Unwelcome Walking Partner

Tonight, I went on a walk with sadness. Well actually, it was a walk with my Peachy girl because she refused to take no for an answer tonight, but sadness came along for at least half of our journey.

I had to wait until the sun set and the temperature lowered to a cool 102 degrees before getting her into her harness, and tonight, unlike many other nights, she actually maintained her enthusiasm for our walk well beyond the driveway. For an old dog she still surprises me fairly often.

It wasn’t until we got to her favorite lawn on our route that sadness showed up and decided to take a sweaty stroll with my girl and me. It wasn’t the sadness I knew from a few weeks ago; it had definitely undergone a few changes, changes of which I was genuinely grateful. For one, the ache of it had certainly dulled. It no longer packed a punch that could stop me in my tracks, fold me at the waist, and make me gasp for breath. Instead, it cautiously walked up beside me, then matched my steps, and seemed to shyly ask, “So…what have you been up to?” as if we were friends who hadn’t talked for a while after a silly disagreement.

Another difference was its source, its reason. It wasn’t just the memories of HIM that were sparked by walking the familiar sidewalks and paths that summoned the sadness to my side, but it was also the memories of ME walking those same sidewalks alone just a few weeks ago that allowed this unwelcome tag-a-long to keep pace with us. I thought of the way I felt the last times I had walked with Peaches past the houses with their carriage lights that I envied, how I looked at those lights through tears and wanted to rip them from the stucco, smashing the bulbs and glass sides, extinguishing absolutely anything that shone, just to emulate what I felt was happening to me. Instead of thinking, “Remember that time when *he*………..” I was thinking, “Remember just a few weeks ago when *you* were walking past here, your throat hurting so bad from holding back tears and you were questioning with all sincerity the possibility that you would ever be happy and at peace again?”

I was feeling heartbreak…for me…over my heartbreak. It was simultaneously one of the most selfish and one of the most generous episodes of grief I’ve ever felt. And fascinatingly bizarre.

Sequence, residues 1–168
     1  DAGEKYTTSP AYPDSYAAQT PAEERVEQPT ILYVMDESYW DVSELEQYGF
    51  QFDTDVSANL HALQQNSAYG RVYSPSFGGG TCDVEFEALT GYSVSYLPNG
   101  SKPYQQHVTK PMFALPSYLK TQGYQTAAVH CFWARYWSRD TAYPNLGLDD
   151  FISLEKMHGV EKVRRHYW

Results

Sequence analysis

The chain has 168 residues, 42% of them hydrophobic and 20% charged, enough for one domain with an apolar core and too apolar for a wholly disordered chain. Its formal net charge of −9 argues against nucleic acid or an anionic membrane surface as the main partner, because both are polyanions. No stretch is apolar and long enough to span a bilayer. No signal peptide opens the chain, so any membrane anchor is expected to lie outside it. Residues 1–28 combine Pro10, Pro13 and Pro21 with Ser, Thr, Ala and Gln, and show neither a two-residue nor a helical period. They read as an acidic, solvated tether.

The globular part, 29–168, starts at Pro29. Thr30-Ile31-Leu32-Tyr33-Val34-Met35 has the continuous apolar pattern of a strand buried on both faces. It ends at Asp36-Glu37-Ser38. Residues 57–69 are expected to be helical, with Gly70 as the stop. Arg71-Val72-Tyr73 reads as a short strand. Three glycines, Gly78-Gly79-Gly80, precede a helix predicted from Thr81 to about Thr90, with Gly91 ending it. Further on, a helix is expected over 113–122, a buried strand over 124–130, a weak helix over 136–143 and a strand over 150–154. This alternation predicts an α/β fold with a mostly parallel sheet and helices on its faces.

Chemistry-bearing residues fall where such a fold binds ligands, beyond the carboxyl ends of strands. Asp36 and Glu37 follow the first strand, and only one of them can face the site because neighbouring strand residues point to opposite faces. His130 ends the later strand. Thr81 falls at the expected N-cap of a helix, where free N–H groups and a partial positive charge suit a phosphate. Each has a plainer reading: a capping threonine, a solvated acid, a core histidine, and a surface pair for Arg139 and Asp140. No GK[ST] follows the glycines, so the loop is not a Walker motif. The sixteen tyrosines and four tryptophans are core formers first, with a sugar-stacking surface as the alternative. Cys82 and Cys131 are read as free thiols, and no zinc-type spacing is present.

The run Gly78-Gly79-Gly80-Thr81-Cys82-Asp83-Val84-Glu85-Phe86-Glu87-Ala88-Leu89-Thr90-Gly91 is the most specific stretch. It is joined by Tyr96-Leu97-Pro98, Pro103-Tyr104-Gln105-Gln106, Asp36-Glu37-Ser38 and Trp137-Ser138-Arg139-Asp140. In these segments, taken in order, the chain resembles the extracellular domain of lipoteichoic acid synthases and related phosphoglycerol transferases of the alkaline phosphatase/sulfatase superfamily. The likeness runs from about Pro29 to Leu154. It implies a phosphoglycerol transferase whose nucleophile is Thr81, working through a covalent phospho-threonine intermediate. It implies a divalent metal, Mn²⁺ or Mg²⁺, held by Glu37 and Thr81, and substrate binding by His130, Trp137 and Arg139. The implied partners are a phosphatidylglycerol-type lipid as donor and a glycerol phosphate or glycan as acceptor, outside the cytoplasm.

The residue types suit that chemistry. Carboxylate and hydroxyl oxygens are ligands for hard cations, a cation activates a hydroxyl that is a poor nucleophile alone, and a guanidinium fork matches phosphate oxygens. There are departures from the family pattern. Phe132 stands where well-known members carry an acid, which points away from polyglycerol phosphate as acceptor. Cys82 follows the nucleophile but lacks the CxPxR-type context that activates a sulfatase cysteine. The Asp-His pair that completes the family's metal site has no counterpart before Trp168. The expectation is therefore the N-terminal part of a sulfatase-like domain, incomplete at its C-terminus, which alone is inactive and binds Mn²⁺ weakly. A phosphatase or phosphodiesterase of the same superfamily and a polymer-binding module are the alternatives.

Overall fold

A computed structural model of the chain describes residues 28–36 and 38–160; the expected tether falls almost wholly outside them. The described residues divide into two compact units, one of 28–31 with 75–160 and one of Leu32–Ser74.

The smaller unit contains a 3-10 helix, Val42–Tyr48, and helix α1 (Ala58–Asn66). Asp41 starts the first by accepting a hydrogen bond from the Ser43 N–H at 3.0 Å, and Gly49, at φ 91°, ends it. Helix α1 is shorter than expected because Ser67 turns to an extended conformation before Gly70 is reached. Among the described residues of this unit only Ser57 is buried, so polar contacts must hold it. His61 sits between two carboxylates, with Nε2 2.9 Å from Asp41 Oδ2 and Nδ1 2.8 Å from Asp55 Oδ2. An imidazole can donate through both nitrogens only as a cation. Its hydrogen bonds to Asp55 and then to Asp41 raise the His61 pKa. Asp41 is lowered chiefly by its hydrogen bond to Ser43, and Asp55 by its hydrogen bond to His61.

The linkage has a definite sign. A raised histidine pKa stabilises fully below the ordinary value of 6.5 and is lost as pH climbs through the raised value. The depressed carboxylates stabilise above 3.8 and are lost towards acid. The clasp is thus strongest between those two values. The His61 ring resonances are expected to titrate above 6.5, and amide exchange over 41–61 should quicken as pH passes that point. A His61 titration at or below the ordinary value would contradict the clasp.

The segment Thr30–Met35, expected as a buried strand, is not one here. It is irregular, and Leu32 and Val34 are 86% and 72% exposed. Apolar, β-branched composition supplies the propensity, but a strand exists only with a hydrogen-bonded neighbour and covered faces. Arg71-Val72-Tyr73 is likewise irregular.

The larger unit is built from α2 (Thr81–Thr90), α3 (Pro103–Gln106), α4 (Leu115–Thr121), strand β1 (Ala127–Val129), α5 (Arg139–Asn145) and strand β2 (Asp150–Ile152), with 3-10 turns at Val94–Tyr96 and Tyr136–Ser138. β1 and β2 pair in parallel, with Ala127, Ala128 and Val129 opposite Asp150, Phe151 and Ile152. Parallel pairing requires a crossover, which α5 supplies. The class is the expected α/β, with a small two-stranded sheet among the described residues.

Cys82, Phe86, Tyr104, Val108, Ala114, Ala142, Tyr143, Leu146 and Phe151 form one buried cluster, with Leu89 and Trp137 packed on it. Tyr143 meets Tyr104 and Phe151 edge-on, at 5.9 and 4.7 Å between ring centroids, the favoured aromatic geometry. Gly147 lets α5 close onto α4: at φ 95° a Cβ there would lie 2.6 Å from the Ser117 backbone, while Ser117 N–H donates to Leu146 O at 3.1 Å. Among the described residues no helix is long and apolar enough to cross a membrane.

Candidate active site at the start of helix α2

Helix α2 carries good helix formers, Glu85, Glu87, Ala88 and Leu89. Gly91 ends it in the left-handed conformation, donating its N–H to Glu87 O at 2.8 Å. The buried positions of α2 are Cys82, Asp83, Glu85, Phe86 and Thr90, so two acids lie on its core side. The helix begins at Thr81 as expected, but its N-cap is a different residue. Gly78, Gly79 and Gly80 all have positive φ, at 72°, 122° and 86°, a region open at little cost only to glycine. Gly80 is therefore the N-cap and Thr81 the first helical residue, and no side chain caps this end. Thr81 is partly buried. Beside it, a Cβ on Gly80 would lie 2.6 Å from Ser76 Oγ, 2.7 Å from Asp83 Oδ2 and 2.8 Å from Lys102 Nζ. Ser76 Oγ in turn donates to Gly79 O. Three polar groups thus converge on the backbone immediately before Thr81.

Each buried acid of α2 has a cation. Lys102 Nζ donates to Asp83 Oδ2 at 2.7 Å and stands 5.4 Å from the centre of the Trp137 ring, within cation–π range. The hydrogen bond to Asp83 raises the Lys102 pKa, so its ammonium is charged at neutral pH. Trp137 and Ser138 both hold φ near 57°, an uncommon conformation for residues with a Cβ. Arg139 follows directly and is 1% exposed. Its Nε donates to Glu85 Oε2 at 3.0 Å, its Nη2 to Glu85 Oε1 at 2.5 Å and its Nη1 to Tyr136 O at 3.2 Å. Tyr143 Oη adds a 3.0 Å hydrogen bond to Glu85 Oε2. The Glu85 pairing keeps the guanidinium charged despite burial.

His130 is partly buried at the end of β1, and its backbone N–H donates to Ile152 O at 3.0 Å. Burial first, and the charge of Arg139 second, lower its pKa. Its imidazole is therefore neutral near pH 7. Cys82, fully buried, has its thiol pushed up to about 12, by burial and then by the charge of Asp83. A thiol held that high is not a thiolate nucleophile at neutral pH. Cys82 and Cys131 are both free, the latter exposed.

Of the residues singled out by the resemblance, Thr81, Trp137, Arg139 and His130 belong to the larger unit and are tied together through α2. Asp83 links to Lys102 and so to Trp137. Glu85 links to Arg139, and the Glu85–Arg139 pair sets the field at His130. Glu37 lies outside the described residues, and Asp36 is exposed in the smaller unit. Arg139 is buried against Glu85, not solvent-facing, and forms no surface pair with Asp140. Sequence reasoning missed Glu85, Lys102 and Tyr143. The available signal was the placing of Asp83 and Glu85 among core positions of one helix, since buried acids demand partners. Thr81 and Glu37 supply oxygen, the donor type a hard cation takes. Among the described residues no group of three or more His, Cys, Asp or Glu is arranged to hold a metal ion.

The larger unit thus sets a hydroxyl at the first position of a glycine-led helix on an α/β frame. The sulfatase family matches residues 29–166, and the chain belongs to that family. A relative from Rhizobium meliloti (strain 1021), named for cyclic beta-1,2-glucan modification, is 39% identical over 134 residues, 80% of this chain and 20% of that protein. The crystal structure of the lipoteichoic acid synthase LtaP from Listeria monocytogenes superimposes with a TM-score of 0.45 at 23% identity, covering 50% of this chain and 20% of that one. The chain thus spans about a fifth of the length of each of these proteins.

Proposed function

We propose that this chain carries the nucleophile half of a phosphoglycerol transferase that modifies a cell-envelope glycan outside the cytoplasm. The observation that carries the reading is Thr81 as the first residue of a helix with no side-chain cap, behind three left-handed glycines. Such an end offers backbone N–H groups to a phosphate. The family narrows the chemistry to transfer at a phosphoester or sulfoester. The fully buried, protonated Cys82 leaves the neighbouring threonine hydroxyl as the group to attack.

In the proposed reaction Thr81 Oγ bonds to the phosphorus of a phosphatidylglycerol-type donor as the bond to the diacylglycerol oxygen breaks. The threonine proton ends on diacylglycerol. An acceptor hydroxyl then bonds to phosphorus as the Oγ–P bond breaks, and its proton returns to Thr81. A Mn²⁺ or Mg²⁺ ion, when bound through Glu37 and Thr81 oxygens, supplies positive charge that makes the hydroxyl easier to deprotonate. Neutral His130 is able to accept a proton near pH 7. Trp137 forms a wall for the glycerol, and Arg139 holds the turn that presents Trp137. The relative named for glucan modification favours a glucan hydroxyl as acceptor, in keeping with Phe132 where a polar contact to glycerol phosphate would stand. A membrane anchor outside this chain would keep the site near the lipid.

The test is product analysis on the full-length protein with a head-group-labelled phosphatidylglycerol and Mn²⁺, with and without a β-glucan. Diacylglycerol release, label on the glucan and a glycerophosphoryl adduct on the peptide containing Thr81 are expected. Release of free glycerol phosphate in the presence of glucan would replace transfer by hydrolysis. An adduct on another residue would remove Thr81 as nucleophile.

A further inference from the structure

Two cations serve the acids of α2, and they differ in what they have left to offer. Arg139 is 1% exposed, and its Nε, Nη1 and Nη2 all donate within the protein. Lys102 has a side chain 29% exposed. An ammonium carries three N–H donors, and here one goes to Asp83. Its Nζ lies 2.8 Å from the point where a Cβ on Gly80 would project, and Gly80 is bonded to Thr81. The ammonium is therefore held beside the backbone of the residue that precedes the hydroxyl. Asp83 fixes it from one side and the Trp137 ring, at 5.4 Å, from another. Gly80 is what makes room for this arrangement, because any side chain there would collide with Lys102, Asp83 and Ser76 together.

Thankfully, it was not long lasting, as I had no idea how to handle it, and shortly before our oppressive walk ended, good ol’ shame and anger showed up at the end of my street and shoved my gloom right off the curb, told it to move along and reassured it they’ve got me from here. I don’t know what I would do without those two, hissing in my ears, “Wow, I can’t believe you were really that stupid,” and “Fuck that bastard, fuck the way he treated you and all that he robbed from you.”

I allowed shame and anger to keep Peach and me company on the rest of our walk. If nothing else, they are fantastic motivators, reminding me of lessons I’ve learned and promises I’ve made to myself as a result of those dreadful lessons.

As we reached the driveway and I unhooked the leash from Peaches’ harness, nudging her towards the open garage, I was filled with an intense sense of relief that the walk was over. And then it hit me. Weeks ago, I dreaded coming home from our walks, just as much as I dreaded heading out on them. Every single part of walking my dog had become a chore, one that I despised from beginning to end, because of the internal pain it caused me. But that didn’t happen tonight. While walking through the neighborhood accompanied, unexpectedly, by my recently estranged sorrow, I worried that it would all come back in a flood and that I wasn’t as far along in my healing as I believed. But when I sensed that relief at the end of our walk and felt glad that we were “home”….that’s really all I needed. I realize the sadness, the anger, the shame, and a handful of other moods and emotions triggered by my recent relationship, will make unexpected appearances now and then. But so will relief. And happiness. And peace. And confidence. And they’ll show up more often than those other assholes.

I am reassured now. It took a while. It took much longer than I anticipated, to be honest. But I’m there now. I know it. I can declare it now and actually *believe* it.

I am going to be alright.

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